Rolling Start, a group providing vehicles to low income residents, received a $5,000 provision in the county budget this year. In this file photo, several Rolling Start volunteers work on a sedan to ensure it is in good working condition so that it can be donated to someone in need of reliable transportation.

By Beth Lawrence

Jackson County Manager Don Adams presented his budget proposal to commissioners last week. The plan includes a tax increase to meet the needs of first responders and other needs.

The general fund budget totaled $82,292,740, an increase of $6,373,313 over fiscal year 2021- 22. The proposal suggests a two-cent tax increase to 38 cents per $100 valuation.

“Previously, it was thought that we would need about 3 cents on the tax rate,” Adams said. “We’ve done our best to try to reduce that.”

The budget includes a one-step (pay level) raise for all county employees suggested by a salary study conducted last year. That amounts to $385,004. Based on the step increases, Adams did not include a cost of living adjustment this year. Additionally, several requests for reclassifying job descriptions in the county were denied due to all employees being given a bump in grade. Adams approved a request from the Department of Social Services to extend for one year a position partially funded by the state.

There was no increase in health insurance rates for either the county or employees.

Under capital improvements $2.4 million was allocated for equipment with over $1 million going to computers and related equipment; the rest covers assorted recreation, garage and law enforcement equipment such as radios and body cameras.

The sheriff’s office will receive a body scanner for the jail to assist with detainee intake and searches.

Adams referenced problems with drugs being smuggled into the jail recently. One occurrence included a jailor allegedly giving drugs to inmates.

“Obviously, you know we had that issue occur with the officer,” Adams said. “We had some other issues with some inmates.”

Several departments requested new vehicles, but Adams did not approve those requests citing availability and supply chain issues. Several vehicles that were supposed to be replaced last year have still not been shipped. He did recommend that sheriff’s office vehicles scheduled for regular replacement be approved.

Adams recommended over $1 million in capital improvement projects including repairs to Cashiers Department on Aging and the jail, sealing several parking lots, replacing heating and air units at Cashiers Recreation Center and Jackson County Library, and paving Mark Watson Park.

Jackson County Schools will receive a 2 percent increase over last year’s funding contingent based on several issues. Adams allotted $8.6 million, including $7.1 million for current operations, $141,928 in PILT money, $847,067 in teachers’ supplements and $442,799 for counselors. He suggested setting aside an additional $445,300 in a special contingency fund because schools are not certain how much state funding they will receive. Adams suggested that in the fall once a state budget is passed JCPS could request additional funds if needed.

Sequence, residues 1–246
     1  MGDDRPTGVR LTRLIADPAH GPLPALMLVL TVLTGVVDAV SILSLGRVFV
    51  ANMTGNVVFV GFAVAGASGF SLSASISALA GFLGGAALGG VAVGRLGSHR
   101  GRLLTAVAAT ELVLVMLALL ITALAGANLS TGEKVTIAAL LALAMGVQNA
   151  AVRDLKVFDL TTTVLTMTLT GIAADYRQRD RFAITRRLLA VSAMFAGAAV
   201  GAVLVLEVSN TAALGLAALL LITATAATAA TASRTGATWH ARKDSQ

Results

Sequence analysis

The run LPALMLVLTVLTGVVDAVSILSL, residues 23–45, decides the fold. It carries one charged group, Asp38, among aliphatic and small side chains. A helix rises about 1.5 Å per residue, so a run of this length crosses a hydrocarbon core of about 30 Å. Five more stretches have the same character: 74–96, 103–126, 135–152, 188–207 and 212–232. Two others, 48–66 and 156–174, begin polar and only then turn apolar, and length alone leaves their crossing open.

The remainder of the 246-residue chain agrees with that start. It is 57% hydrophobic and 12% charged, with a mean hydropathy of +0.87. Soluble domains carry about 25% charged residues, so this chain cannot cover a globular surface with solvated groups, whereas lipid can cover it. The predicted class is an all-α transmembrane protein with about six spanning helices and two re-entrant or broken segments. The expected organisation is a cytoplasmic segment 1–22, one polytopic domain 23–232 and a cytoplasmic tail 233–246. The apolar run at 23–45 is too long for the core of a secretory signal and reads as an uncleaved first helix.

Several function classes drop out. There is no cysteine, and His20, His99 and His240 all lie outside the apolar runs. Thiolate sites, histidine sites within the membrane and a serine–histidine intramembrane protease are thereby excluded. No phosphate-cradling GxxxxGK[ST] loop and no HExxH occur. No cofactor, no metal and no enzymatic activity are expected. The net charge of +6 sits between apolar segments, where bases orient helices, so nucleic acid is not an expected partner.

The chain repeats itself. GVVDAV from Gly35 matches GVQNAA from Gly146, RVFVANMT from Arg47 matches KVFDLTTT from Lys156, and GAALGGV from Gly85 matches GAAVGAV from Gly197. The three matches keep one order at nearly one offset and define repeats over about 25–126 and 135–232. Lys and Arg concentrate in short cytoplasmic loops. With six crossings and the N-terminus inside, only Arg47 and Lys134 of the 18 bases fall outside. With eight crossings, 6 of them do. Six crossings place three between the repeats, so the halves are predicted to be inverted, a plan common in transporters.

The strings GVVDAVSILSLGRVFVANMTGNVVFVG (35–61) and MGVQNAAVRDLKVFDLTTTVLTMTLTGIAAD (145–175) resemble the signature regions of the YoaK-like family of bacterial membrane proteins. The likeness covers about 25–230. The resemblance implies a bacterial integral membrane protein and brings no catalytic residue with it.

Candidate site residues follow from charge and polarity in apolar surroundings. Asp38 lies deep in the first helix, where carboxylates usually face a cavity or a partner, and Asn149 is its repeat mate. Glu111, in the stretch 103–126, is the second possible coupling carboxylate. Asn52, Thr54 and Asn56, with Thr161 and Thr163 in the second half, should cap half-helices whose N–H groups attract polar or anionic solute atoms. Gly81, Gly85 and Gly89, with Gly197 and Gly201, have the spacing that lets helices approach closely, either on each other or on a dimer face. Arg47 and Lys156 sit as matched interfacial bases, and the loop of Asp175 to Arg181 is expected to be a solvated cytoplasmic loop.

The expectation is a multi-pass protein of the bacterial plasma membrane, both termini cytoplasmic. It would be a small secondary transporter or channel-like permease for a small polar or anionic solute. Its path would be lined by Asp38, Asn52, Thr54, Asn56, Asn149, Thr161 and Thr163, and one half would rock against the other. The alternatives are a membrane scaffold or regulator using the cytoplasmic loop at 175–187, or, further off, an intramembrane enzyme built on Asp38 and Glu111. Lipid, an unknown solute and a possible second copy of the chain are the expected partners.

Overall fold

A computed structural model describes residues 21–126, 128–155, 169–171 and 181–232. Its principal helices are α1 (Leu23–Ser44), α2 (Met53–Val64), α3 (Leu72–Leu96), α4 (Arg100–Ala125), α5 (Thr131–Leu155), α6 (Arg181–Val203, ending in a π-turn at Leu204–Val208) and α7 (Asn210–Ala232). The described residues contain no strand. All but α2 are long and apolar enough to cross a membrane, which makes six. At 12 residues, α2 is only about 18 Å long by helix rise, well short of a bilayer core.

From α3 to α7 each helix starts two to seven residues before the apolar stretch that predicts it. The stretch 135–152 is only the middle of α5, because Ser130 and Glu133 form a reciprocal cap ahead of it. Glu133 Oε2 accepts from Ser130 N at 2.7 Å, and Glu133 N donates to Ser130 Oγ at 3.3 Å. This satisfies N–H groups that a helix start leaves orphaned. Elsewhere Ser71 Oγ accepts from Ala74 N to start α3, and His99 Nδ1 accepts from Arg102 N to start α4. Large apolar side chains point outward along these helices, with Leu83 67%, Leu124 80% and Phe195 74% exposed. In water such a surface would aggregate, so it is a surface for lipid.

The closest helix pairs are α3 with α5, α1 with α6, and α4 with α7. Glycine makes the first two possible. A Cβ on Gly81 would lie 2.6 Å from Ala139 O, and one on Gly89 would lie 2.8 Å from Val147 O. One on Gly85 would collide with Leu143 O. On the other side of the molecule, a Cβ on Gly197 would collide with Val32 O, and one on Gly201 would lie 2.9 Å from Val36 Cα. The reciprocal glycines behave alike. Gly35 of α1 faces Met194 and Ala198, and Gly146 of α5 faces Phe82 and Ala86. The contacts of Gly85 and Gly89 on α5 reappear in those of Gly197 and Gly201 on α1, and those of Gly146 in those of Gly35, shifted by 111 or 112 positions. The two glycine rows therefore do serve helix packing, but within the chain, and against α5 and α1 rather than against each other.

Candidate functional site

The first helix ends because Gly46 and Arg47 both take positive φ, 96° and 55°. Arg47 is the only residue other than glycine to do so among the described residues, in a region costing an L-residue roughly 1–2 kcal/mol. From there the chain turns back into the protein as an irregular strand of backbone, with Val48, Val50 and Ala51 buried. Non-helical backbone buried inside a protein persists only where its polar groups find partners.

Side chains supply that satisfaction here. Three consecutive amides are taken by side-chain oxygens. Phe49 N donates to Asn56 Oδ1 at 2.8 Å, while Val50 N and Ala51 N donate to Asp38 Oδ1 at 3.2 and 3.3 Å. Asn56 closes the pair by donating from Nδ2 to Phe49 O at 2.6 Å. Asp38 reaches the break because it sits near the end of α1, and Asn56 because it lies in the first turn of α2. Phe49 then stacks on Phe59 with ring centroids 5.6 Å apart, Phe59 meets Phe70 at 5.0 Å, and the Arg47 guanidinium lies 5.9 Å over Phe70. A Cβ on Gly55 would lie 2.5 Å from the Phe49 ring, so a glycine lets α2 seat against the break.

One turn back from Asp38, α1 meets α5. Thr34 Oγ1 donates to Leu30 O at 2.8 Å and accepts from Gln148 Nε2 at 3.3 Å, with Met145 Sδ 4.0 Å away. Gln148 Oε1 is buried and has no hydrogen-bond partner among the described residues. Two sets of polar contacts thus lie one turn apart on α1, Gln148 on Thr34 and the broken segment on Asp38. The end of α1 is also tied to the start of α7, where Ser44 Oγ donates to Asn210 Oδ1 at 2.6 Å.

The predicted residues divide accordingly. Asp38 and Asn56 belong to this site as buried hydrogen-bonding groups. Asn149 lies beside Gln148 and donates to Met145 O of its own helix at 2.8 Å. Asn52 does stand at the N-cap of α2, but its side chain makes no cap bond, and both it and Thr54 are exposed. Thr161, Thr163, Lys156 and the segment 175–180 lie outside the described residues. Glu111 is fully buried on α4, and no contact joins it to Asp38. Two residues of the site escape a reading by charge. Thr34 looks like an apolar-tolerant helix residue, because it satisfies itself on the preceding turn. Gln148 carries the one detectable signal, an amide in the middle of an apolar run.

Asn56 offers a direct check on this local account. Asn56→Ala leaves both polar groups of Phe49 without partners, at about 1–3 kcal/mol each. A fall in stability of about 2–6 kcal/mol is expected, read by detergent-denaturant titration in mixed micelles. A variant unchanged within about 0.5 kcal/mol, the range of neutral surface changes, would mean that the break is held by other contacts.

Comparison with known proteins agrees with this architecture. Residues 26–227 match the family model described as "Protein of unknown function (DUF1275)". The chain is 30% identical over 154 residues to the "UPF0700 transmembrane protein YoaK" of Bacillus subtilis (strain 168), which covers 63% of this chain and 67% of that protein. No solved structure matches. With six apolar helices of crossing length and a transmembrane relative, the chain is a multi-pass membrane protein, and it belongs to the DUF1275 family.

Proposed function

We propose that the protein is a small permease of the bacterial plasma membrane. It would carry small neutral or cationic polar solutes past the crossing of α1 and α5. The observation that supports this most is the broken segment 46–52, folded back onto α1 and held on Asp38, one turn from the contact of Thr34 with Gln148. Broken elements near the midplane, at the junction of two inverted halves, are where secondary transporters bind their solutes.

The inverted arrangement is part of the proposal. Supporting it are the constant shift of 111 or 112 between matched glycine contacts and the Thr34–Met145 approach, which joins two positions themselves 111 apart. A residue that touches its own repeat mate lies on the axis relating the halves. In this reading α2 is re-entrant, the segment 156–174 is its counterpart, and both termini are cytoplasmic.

“Assuming that state allocations are not decreased, public schools’ requests along with ARPA (American Rescue Plan Act funds) and state funds may lead to a fund balance increase,” Adams said.

Schools also receive funding from local sales taxes. Adams suggested giving schools $1.8 million in Article 40 and 42 taxes and $1.4 million from Article 46 taxes.

JCPS was scheduled to present its budget request to commissioners on May 23.

Southwestern Community College will receive $2.5 million, an increase of $133,086 over last year for operations. Capital outlay funds totaling $398,343 will cover repairs, renovations and paving the firing range parking lot.

The public library received $1.2 million in operational funds for JCPL and Albert Carlton libraries.

Savanah, Canada, Qualla and Balsam volunteer fire departments and Glenville-Cashiers and Jackson County Rescue squads received a 7.4 percent increase in funding for operational expenses. Sylva Fire Department will receive $1,074,290. This number includes the amount Jackson County already provides SFD for operations and money to fund eight full-time firefighters. The town originally requested funding for 12. Cullowhee Fire will receive $1.7 million for operations. The Forestry Service was allotted $109,115 for equipment, including a fire attack vehicle.

Adams suggested funding all nonprofits at their current levels except for HERE in Jackson County which could be given $11,385 more next year pending commissioners’ approval.

“Due to hotel room costs, it is recommended that HERE receive a 7.4 percent increase,” Adams said.

A new charity, Rolling Start, a group providing vehicles to low income residents, received a $5,000 provision.

Under special funds, Adams suggested funding Highlands Fire and Rescue as previously funded, $84,000 with no tax increase. A portion of Highlands is in Jackson County. Cashiers-Glenville Fire Department was allotted $1,884,634, an increase of $54,790 over last year, but that did not lead to an increased fire tax for the district.

The total budget including special funds such as fire taxes, Emergency 911 And Economic Development totals $98,636,205.

The full budget proposal may be viewed at by scrolling to the bottom of the home page and clicking the link.